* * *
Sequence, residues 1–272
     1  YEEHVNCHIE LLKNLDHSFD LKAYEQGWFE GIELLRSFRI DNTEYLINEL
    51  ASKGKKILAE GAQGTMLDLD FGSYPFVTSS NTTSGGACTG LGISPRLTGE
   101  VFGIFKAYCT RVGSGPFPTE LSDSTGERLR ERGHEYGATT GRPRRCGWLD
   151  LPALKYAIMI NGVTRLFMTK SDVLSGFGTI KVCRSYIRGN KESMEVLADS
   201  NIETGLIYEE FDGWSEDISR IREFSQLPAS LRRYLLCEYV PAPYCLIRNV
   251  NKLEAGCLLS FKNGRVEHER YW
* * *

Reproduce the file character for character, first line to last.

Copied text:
Sequence, residues 1–272
     1  YEEHVNCHIE LLKNLDHSFD LKAYEQGWFE GIELLRSFRI DNTEYLINEL
    51  ASKGKKILAE GAQGTMLDLD FGSYPFVTSS NTTSGGACTG LGISPRLTGE
   101  VFGIFKAYCT RVGSGPFPTE LSDSTGERLR ERGHEYGATT GRPRRCGWLD
   151  LPALKYAIMI NGVTRLFMTK SDVLSGFGTI KVCRSYIRGN KESMEVLADS
   201  NIETGLIYEE FDGWSEDISR IREFSQLPAS LRRYLLCEYV PAPYCLIRNV
   251  NKLEAGCLLS FKNGRVEHER YW